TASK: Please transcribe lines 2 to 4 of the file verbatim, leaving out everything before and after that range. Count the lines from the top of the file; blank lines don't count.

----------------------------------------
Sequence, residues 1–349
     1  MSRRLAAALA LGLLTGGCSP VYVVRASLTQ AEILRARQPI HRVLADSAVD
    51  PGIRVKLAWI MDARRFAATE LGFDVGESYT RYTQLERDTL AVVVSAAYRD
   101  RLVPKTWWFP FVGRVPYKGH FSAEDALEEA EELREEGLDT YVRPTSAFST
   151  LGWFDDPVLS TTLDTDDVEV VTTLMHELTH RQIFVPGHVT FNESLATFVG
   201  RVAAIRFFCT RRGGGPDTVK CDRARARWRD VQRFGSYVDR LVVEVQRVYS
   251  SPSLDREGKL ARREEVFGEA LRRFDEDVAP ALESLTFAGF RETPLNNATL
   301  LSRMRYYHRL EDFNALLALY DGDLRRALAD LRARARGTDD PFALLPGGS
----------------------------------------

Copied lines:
     1  MSRRLAAALA LGLLTGGCSP VYVVRASLTQ AEILRARQPI HRVLADSAVD
    51  PGIRVKLAWI MDARRFAATE LGFDVGESYT RYTQLERDTL AVVVSAAYRD
   101  RLVPKTWWFP FVGRVPYKGH FSAEDALEEA EELREEGLDT YVRPTSAFST